How Give Back Yoga Is Providing Health To Communities In Need & The World

As someone who had experienced the benefits of yoga practice firsthand, Rob Schware wanted to give back. Upon retiring from his role as a Lead Information Technology manager at the World Bank, Schware realized his professional talents could be paired with his passion for yoga, and the seed of an idea was planted.

“I wanted to share the gift of yoga and help yoga teachers, who had given so much to me, develop sustainable yoga outreach projects,” he said.

Schware co-founded and currently serves as Executive Director of the Give Back Yoga Foundation, which supports yoga instructors in community outreach projects that extend far beyond their studio walls.

“Our yoga practice teaches us that ‘who we truly are’ is not something apart and separate from the rest of the world,” Schware said, “but something that is a part of a wide web of interconnectedness.”

Photo courtesy of the Give Back Yoga Foundation.

Photo courtesy of the Give Back Yoga Foundation.

Yoga Service

More specifically, Give Back aims to bring yoga to those who “might not otherwise have the opportunity to experience the transformational benefits of this powerful practice” by supporting and funding certified yoga instructors who can bring the therapeutic benefits of yoga practices to these communities.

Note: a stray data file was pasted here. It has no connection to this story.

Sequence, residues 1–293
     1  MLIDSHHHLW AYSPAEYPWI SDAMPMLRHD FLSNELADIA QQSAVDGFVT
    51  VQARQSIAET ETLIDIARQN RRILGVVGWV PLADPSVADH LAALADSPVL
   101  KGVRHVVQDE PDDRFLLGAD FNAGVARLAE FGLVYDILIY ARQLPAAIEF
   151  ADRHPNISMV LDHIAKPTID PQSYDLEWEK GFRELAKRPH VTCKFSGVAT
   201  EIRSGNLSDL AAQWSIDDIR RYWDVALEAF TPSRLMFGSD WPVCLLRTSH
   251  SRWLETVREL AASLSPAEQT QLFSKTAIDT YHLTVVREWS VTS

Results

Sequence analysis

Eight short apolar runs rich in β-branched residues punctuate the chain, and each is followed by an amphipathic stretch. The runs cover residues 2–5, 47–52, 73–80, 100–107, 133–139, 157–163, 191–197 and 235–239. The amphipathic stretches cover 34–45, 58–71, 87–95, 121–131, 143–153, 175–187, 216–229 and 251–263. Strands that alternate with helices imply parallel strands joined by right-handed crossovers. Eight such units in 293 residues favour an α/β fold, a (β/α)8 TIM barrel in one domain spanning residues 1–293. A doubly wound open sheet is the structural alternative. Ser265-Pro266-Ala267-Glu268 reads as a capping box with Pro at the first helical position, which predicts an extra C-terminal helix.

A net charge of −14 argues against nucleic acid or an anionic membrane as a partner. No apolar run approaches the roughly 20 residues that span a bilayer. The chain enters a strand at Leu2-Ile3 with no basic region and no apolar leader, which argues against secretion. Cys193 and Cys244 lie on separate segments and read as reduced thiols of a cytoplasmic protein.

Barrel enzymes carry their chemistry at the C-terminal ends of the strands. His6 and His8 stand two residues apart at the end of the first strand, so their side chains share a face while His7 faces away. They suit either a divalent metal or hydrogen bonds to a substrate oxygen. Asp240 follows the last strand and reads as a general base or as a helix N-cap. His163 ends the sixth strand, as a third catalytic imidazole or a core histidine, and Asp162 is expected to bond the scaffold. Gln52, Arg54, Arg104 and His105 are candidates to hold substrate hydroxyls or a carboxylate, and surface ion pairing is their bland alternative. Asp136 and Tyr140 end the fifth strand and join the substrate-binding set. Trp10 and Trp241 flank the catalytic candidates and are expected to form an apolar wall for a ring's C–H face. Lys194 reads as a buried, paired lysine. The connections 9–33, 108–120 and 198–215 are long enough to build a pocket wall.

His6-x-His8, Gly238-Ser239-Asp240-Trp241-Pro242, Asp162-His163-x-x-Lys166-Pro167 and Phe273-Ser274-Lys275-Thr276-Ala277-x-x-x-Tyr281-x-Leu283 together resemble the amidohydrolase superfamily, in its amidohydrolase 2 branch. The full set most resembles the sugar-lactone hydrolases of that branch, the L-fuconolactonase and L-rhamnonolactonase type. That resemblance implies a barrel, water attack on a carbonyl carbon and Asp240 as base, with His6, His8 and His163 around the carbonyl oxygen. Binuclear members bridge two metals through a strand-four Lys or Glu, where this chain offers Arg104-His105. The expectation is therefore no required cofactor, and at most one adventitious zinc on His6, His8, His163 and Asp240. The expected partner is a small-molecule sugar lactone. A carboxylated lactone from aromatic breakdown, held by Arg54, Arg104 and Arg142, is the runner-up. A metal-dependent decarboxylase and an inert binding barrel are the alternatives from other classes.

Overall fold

In this way, Give Back promotes the concept of yoga service, which Jennifer Cohen Harper and Traci Childress define as “the intentional sharing of yoga practices within a context of conscious relationship, supported by regular reflection and self-inquiry.” In their interview with Schware, they note that yoga service is often misunderstood and should be defined by the instruction itself, not just the population it serves:

The yoga service community often discusses its work in terms of addressing specific populations (veterans, women in prison, at-risk youth, etc.). However, all people experience vulnerability and trauma at different points in life. The circumstances of being human are such that we all, at times, are in need of the compassionate service of others. There are also social forces at play that impact individuals and communities differently, and therefore, issues of power, privilege and justice must remain at the forefront of any critical discussion of service.

Tweet: #Yoga service should be defined by the instruction itself, not just the population it serves http://bit.ly/1H0G2gf #health #help

Who Give Back Serves

Give Back offers instructional training, funding and instructional materials to a variety of at-risk, high need communities. Their major program initiatives include Eat Breathe Thrive for those who suffer from disordered eating and/or negative body image, Mindful Yoga Therapy for veterans, Niroga Institute for at-risk youth, the Prison Yoga project for incarcerated men and women, and Yoga for First Responders, offering mindfulness and wellness training for public servants.

Photo courtesy of the Give Back Yoga Foundation.

Photo courtesy of the Give Back Yoga Foundation.